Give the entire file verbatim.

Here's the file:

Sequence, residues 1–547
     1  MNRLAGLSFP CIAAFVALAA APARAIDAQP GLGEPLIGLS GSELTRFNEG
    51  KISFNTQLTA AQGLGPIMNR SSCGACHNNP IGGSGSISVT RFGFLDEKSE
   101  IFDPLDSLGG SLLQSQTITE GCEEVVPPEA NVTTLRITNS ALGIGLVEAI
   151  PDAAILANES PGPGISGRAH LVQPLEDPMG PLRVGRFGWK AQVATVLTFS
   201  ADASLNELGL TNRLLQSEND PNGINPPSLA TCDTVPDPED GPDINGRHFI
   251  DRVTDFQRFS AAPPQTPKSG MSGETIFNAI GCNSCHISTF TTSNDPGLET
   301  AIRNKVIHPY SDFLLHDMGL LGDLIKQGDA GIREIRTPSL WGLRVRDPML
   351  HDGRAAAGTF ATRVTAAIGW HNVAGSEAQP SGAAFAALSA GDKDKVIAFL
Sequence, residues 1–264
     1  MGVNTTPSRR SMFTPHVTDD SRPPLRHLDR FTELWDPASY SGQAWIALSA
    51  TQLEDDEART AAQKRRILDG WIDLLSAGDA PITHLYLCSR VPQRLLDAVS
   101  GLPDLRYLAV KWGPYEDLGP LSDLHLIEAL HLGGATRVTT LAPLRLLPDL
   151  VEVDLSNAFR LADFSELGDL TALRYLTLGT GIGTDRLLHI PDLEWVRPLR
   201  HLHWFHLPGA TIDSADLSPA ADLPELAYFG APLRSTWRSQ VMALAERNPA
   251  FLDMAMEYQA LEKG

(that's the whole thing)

Sequence, residues 1–547
     1  MNRLAGLSFP CIAAFVALAA APARAIDAQP GLGEPLIGLS GSELTRFNEG
    51  KISFNTQLTA AQGLGPIMNR SSCGACHNNP IGGSGSISVT RFGFLDEKSE
   101  IFDPLDSLGG SLLQSQTITE GCEEVVPPEA NVTTLRITNS ALGIGLVEAI
   151  PDAAILANES PGPGISGRAH LVQPLEDPMG PLRVGRFGWK AQVATVLTFS
   201  ADASLNELGL TNRLLQSEND PNGINPPSLA TCDTVPDPED GPDINGRHFI
   251  DRVTDFQRFS AAPPQTPKSG MSGETIFNAI GCNSCHISTF TTSNDPGLET
   301  AIRNKVIHPY SDFLLHDMGL LGDLIKQGDA GIREIRTPSL WGLRVRDPML
   351  HDGRAAAGTF ATRVTAAIGW HNVAGSEAQP SGAAFAALSA GDKDKVIAFL
Sequence, residues 1–264
     1  MGVNTTPSRR SMFTPHVTDD SRPPLRHLDR FTELWDPASY SGQAWIALSA
    51  TQLEDDEART AAQKRRILDG WIDLLSAGDA PITHLYLCSR VPQRLLDAVS
   101  GLPDLRYLAV KWGPYEDLGP LSDLHLIEAL HLGGATRVTT LAPLRLLPDL
   151  VEVDLSNAFR LADFSELGDL TALRYLTLGT GIGTDRLLHI PDLEWVRPLR
   201  HLHWFHLPGA TIDSADLSPA ADLPELAYFG APLRSTWRSQ VMALAERNPA
   251  FLDMAMEYQA LEKG